When I was 18, I had a 23 inch waist and weighed 115 pounds.   I thought I was fat and my boobs were too small.   Over the next five years I went up to 135 pounds and I mourned the  days when I was 115 pounds.  Then I got happier and with contentment came another 15 pounds and I pined for the 135 pound days.  Then I ballooned to 200 pounds with my first pregnancy and barely had time to recover when I ballooned again with a second pregnancy.  I have spent the last few years around 160 pounds until I dropped 10 pounds when I stopped nursing about a year ago.  So here I am, 34 days into early morning workouts and making myself a priority for one hour per day.  Pregnancy and years of neglect have taken their toll.  My body is different now.  Stronger from the laborious work of making two humans, but weaker and wider too.  I feel in control for the first time in a long time.  The scale hasn’t moved yet (except for maybe the first week) so we’ve banished it to the basement.  Proper thing.  I don’t care about the numbers so much anymore.

The truth is, I am tired of hating myself, but I don’t know how to stop.  I read this post last night and realized I have known the same things about myself for some time now.  I always find something to hate about myself whether I weigh 115 pounds or 200 pounds.  It isn’t my weight that is the problem, but my inner dialogue.  I have to ask myself what I want my future self to look back at the pictures of this woman on this day and feel.  Sometimes I have to dig deep for the motivation to push through a workout.  Sometimes it is fired by self loathing while other times it is self love.  This time around I am trying to make it more about being healthy than perfect.  I don’t want to waste anymore  time hating myself and putting things off  like I did in my twenties.  I don’t want to pass these loathing, paralyzing  habits and beliefs onto my own children.  So, if that means I have to be a little selfish for a little while, it is ok and for the greater good. When I get frustrated that my pants don’t feel any looser and I feel like quitting (because what is the point?), I remind myself it won’t fix anything.  This is bigger than vanity; I think I finally get that now.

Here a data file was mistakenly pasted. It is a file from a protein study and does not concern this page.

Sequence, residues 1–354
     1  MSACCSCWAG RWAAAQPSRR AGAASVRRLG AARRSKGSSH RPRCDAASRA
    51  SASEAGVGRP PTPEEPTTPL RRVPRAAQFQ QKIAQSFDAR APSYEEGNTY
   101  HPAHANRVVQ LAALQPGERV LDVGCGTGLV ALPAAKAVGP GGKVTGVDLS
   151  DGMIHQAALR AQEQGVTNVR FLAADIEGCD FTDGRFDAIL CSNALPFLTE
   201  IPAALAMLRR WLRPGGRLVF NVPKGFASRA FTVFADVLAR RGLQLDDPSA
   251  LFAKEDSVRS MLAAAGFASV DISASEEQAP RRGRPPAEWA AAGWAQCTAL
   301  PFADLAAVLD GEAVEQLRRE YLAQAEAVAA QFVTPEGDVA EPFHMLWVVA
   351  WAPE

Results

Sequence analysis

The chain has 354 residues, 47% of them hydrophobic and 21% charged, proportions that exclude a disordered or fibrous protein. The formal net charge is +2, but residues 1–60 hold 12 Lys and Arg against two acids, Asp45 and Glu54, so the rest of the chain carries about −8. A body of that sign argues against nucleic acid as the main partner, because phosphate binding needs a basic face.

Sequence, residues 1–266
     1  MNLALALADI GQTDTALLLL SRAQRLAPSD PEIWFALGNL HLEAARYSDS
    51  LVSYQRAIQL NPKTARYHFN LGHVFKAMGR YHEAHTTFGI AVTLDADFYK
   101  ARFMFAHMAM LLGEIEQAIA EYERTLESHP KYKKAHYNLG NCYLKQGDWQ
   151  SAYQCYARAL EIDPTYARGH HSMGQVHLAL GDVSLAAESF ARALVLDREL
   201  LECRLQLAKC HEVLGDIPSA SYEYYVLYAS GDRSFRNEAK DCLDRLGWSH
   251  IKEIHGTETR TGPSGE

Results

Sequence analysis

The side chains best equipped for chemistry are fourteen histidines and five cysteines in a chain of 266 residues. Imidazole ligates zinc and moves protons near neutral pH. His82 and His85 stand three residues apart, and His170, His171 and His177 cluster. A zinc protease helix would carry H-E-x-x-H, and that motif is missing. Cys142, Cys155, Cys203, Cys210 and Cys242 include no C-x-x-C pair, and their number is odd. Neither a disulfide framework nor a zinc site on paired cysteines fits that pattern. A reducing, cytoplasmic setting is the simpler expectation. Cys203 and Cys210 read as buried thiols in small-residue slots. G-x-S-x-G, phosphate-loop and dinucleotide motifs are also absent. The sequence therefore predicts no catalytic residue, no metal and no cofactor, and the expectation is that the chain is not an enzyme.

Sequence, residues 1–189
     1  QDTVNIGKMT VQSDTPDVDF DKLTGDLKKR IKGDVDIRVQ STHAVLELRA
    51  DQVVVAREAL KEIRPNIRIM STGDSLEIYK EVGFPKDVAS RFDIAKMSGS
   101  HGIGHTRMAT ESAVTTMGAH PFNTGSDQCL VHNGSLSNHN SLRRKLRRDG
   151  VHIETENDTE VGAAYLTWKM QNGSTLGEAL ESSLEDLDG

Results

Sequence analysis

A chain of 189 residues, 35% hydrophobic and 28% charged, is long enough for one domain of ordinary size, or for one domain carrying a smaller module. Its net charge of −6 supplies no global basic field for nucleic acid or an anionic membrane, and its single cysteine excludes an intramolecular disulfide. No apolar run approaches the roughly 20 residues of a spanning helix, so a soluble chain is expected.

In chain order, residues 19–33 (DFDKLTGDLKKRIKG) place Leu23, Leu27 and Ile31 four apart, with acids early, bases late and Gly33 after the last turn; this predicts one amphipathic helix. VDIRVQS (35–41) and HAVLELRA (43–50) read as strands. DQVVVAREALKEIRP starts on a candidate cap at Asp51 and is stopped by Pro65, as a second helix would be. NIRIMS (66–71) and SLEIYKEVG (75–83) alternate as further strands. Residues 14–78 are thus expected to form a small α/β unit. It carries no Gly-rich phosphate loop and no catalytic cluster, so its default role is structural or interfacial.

So here we are, thinking far too much out what we wish we had done with our twenties; wishing we could stop being responsible for a few weeks.  Thinking about how fun it would be to buy that VW van in Wilberforce and drive away from the bills; dreaming about living in a tiny apartment in Paris where we would eat croissants for every meal of the day, spend our days roaming the streets and museums, and learning beautiful french alongside our homeschooled kids.  The reality is that I am feeling tired and used up and resentful.  I am constantly exasperated and lose my temper more frequently.  This all mingles with mother guilt that always settles in soon after each and every harsh word.  I know they are precious creatures, and that they grow too quickly, and that I will think of these early days with an aching heart.  Sometimes though, I just need a moment to catch my breath and remember I am still a human; just a moment where they aren’t bouncing off the walls and climbing counters and setting everything off kilter so I can see the whole picture.